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IFLA on Terrorism, the Internet and Free Access to Information
- Date: Thu, 04 Oct 2001 16:31:18 +0200
- From: IFLA 2003 Berlin Sekretariat <ifla2003secr _at__ sbb.spk-berlin.de>
- Subject: IFLA on Terrorism, the Internet and Free Access to Information
IFLA's Pressemitteilung über Terrorismus, Internet und ungehinderter
Zugang zur Information anbei.
Mit freundlichen Güßen,
IFLA 2003 Berlin Sekretariat
c/o Staatsbibliothek zu Berlin
Potsdamer Str. 33, D-10785 Berlin
E-mail: ifla2003secr _at__ sbb.spk-berlin.de
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- Date: Thu, 4 Oct 2001 15:51:44 +0100
- From: Sophie Felfoldi <Sophie.Felfoldi _at__ ifla.nl>
- Subject: Terrorism, the Internet and Free Access to Information
Thursday, October 04, 2001
For immediate release
Terrorism, the Internet and Free Access to Information
The recent terrorist attacks on New York and Washington shocked and appalled librarians and information professionals around the world. The loss of life and destruction of facilities, including 80 libraries, horrify us. IFLA joins with our library colleagues and the people of the world in mourning the innocent victims and extend our deepest sympathy and support to the families and friends of victims, the survivors and others who have suffered.
Calls to restrict the core human rights to freedom of expression and free access to information are reported in the wake of these tragic events. It has been suggested that some of the suspected hijackers may have communicated with each other by using Internet services at public libraries. Terrorists are alleged to have used the World Wide Web to help plan their outrages. Such implications are being used to justify restrictions on free speech and freedom of information and increased surveillance.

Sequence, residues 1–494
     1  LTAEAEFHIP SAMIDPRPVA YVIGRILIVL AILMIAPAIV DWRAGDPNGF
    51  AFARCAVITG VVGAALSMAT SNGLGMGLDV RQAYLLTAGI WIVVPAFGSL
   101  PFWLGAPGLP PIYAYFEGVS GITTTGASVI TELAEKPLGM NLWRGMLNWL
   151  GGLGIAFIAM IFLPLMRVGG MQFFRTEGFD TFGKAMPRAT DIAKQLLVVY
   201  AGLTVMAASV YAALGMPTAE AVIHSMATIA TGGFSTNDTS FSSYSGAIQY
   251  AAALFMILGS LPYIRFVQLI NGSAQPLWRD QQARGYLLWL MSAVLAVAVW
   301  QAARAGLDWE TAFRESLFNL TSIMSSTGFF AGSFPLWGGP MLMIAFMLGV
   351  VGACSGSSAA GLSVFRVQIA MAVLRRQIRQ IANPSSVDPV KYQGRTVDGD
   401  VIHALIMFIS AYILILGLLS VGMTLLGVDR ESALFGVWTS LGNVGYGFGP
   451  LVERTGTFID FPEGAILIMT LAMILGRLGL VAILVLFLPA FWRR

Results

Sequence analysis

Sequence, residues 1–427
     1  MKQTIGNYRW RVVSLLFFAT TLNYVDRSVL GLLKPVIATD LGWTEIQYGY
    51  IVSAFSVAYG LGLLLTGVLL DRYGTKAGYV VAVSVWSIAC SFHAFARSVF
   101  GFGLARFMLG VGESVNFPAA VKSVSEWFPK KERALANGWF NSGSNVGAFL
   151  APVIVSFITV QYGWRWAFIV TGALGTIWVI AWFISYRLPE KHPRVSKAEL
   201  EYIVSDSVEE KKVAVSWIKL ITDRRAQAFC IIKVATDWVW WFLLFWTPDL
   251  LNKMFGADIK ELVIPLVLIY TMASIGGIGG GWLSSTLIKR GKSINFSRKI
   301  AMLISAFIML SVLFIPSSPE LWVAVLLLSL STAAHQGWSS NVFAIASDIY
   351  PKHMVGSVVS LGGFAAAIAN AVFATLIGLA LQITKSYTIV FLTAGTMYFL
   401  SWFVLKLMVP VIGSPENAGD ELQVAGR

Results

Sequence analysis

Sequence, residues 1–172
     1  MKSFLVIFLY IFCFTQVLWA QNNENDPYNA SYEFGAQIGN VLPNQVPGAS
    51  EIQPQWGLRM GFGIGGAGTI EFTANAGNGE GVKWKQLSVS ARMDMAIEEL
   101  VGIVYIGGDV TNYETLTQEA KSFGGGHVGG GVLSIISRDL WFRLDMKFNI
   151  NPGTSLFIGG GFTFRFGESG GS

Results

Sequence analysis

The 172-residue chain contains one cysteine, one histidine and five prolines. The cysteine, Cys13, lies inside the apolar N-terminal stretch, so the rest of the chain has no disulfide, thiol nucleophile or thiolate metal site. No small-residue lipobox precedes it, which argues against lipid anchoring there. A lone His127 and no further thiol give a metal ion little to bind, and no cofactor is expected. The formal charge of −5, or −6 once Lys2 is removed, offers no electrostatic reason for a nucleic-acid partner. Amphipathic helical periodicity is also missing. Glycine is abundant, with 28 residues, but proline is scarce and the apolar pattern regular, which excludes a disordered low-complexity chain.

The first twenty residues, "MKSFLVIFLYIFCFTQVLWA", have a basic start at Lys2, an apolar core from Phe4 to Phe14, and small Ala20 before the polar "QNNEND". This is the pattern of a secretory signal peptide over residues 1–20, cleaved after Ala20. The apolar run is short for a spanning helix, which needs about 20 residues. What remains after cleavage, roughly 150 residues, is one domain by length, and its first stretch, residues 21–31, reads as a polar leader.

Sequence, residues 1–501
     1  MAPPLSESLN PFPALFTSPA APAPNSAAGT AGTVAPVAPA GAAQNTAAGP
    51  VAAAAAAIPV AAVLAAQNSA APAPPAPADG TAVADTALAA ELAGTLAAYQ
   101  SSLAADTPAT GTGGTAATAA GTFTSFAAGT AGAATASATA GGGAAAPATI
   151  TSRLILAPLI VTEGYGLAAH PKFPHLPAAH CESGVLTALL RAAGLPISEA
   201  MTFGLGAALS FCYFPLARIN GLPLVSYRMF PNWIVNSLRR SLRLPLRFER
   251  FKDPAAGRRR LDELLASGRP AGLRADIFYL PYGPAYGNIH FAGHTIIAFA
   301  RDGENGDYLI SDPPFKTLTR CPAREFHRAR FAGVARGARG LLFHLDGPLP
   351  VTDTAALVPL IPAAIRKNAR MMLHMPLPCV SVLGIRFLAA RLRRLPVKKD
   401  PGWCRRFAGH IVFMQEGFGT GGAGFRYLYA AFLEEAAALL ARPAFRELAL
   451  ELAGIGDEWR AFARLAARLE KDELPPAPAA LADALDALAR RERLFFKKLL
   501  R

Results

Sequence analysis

But we have not heard the other side of the story. Use of Internet news sites doubled during the week after the attacks. Families and friends used email to check on the safety of their loved ones - across city and across the world. Website operators responded to the thirst for news by bolstering their servers and increasing the frequency of updates. The result was that people throughout the world used websites and streaming audio and video feeds to get up to the minute information on the events and their aftermath.
This demonstrates the force of the ideal of free access to information and freedom of expression. It may be misused but it strengthens the peoples of the world.
The campaign against terrorism is to be won. A vital strategy is to safeguard the best access to information. Barriers to the free flow of information should be removed, especially those that promote inequality, poverty and despair.
The Chair of the IFLA/FAIFE Committee Mr. Alex Byrne, said:
"We should build respect and understanding between the diverse cultures of the world. We should help construct communities where people of different backgrounds can live together as neighbors. Freedom is something for which we must fight, not by limiting it but by strengthening it."
The commitment to intellectual freedom is a core responsibility for the library and information profession worldwide. Libraries have a responsibility to guarantee and facilitate access to expressions of knowledge and intellectual activity. To this end, libraries provide access without fear or favour. That openness is a safeguard of our freedoms. It cannot be limited without endangering those freedoms.
IFLA proclaims that the libraries and information profession of the world will respond to these tragic events by redoubling our efforts to see free access to information and freedom of expression worldwide.
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